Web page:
📵  Over to Belgium and another instance of citizens using tech to hold authority to account. Artist and speaker Dries Depoorter created The Flemish Scrollers – a project that uses AI and face recognition to identify distracted politicians on the government live streams and posts them to social media, tagging the preoccupied person. Here’s the Twitter account and here’s the Instagram
 

🇰🇪  An update from researcher Nasubo Ongoma on Caribou Digital and Qhala’s research into the impact of the pandemic on women whose livelihoods depend on buying or selling through digital platforms. The latest post looks at Kenya specifically but here’s the background
 

☁️  Matthew Cain, Head of Digital, Data and Customer Services at Hackney Council, describes a serious cyber attack that affected all the local council’s systems, apart from those hosted in their modern cloud infrastructure. They’ve now adopted a “cloud, unless” policy to restore services and this video is a nice way of sharing how they plan to prevent similar attacks


😮  And who knew that Zoom is actually 10 years old and was not in fact born in Lockdown 1.0.

Digital government

🇺🇸  President Biden signed an executive order because: “Capitalism without competition is exploitation”. One of the 72 initiatives in the order demands increased scrutiny of tech mergers in the hope of increasing innovation and making it easier for emerging businesses to enter the market. TL;DR: Monopolies of all shades should be on notice. Great explainer in this piece about how the move 'scrambles politics'
 

😊  Also in the US, Robin Carnahan has been confirmed as the new leader of the General Services Administration. She founded and led the State and Local Government Practice at 18F and plenty of people are excited by her appointment (Biden included). She is on record saying she was “horrified” by the slow pace of federal pandemic relief, especially unemployment systems, and says she will look for ways to support shared services “that don’t have to be reinvented and rebuilt and paid for by taxpayers over and over again in every state.”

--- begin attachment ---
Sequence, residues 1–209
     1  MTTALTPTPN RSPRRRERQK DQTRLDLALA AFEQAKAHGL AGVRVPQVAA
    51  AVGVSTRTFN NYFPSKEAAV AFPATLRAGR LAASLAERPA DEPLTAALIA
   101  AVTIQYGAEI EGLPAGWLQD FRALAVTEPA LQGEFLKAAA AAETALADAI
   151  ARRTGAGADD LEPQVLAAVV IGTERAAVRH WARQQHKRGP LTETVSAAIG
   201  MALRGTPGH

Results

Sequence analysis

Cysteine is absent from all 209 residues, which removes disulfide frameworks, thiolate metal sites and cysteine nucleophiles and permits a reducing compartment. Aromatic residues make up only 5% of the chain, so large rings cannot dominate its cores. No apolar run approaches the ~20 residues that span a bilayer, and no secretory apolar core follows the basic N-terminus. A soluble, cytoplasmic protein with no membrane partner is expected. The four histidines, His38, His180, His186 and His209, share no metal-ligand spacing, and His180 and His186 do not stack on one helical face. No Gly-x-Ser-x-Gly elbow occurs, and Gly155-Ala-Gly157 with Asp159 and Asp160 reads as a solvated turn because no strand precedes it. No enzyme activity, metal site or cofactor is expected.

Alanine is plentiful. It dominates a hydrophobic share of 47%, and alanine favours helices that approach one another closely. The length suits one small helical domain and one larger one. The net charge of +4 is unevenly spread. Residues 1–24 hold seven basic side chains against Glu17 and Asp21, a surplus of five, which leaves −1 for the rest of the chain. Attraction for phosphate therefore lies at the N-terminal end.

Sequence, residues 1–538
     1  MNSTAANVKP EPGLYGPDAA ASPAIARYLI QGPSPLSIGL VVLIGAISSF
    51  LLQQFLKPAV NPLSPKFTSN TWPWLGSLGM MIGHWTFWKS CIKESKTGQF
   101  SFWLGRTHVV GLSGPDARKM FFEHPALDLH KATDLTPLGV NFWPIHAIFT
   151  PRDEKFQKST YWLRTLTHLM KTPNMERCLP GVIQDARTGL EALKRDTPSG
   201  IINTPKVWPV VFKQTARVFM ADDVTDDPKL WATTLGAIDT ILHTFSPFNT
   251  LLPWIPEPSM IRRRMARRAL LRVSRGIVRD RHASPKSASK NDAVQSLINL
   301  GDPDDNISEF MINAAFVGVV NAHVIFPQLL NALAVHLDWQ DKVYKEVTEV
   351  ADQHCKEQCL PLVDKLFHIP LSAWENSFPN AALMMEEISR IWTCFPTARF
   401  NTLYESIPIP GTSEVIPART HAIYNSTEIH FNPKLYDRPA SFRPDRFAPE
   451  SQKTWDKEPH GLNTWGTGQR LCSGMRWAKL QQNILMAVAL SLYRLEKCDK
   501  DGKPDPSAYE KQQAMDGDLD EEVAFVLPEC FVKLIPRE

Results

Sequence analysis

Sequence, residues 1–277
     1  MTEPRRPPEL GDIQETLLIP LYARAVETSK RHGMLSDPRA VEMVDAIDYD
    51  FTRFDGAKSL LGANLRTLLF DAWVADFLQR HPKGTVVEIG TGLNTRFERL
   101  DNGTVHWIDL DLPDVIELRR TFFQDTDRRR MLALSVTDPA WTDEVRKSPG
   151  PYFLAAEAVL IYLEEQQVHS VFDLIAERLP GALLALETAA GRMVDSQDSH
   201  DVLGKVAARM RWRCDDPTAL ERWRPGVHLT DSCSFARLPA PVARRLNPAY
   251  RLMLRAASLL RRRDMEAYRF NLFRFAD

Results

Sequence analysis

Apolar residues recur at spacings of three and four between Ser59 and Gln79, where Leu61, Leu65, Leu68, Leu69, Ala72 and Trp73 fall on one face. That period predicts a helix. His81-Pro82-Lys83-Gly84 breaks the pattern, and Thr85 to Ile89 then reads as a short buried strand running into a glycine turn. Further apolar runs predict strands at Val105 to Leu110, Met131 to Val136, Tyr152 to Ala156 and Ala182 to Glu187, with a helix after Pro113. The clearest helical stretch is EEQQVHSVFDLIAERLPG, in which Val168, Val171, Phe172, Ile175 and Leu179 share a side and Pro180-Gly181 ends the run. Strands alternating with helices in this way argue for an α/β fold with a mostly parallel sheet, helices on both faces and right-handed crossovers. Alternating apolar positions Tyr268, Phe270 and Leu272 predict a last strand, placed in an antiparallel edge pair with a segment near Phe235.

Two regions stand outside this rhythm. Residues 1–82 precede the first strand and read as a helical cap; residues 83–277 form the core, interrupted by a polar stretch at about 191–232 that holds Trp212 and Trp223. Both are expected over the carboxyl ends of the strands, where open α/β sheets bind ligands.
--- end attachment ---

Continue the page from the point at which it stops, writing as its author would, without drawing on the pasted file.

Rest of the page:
🏴󠁧󠁢󠁷󠁬󠁳󠁿  In Wales, the Centre for Digital Public Services has updated its digital service standards following a review. Good, thorough explanation about why in the ‘what we’ve learned’ section. 
 

🇨🇦  Canada has published its Digital Government Strategy complete with an ambitious roadmap
 

👍  Brilliant to see that the British Columbia Public Service team has launched a catalogue of common components that can be reused across government digital services. So far components include a route planner and 'Express pay' which enables flexible, scalable and secure ways for citizens to pay. All components are tagged with 'established or 'emerging'.

News from Public Digital

On the Public Digital blog

▪️  Celebrating digital services teams in 2020-1 by Mike Bracken and David Eaves, looks at some of the achievements by digital service teams that were highlighted in this year’s Digital Services Convening. Sechi Kailasa has written separately about some of the emerging themes from the event.

▪️  Digital service projects in Africa: getting the basics right first is the first in a series of posts that shares the trends that emerged from our interviews with people involved in digital services projects in Africa. Read in French here. By Claire Bedoui and Clement Uwajeneza